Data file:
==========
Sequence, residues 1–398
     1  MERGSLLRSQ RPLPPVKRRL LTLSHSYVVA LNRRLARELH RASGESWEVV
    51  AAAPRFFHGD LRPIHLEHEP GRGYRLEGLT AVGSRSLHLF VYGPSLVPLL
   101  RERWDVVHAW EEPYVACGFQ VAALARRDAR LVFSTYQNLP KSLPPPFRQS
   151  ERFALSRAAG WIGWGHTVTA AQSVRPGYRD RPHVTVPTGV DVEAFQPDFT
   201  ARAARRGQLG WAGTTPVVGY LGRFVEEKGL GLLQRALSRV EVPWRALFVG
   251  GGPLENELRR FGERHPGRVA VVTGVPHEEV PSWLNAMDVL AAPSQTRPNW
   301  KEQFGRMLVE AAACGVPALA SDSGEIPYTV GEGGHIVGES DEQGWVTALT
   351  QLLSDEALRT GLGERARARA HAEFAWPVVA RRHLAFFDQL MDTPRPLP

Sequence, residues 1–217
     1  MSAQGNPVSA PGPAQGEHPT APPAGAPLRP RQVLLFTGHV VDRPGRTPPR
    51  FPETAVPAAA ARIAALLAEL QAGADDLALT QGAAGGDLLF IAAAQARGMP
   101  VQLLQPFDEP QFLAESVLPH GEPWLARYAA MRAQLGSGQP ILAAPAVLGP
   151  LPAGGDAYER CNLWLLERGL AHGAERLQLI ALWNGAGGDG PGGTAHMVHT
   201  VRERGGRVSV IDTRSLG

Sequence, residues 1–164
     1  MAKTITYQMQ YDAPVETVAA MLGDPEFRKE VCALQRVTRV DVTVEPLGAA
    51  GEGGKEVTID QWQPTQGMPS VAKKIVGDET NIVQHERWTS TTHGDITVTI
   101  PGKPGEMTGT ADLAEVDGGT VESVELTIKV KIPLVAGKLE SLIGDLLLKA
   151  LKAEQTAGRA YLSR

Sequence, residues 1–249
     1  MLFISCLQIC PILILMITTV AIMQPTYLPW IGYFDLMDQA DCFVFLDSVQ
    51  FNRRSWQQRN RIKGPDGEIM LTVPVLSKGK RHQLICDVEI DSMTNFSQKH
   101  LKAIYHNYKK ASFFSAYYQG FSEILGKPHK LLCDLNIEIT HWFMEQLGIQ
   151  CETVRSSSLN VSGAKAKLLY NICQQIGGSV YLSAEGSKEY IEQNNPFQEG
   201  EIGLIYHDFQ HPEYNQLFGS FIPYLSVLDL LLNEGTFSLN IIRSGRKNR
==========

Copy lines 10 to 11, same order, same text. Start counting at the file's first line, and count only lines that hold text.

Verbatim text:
Sequence, residues 1–217
     1  MSAQGNPVSA PGPAQGEHPT APPAGAPLRP RQVLLFTGHV VDRPGRTPPR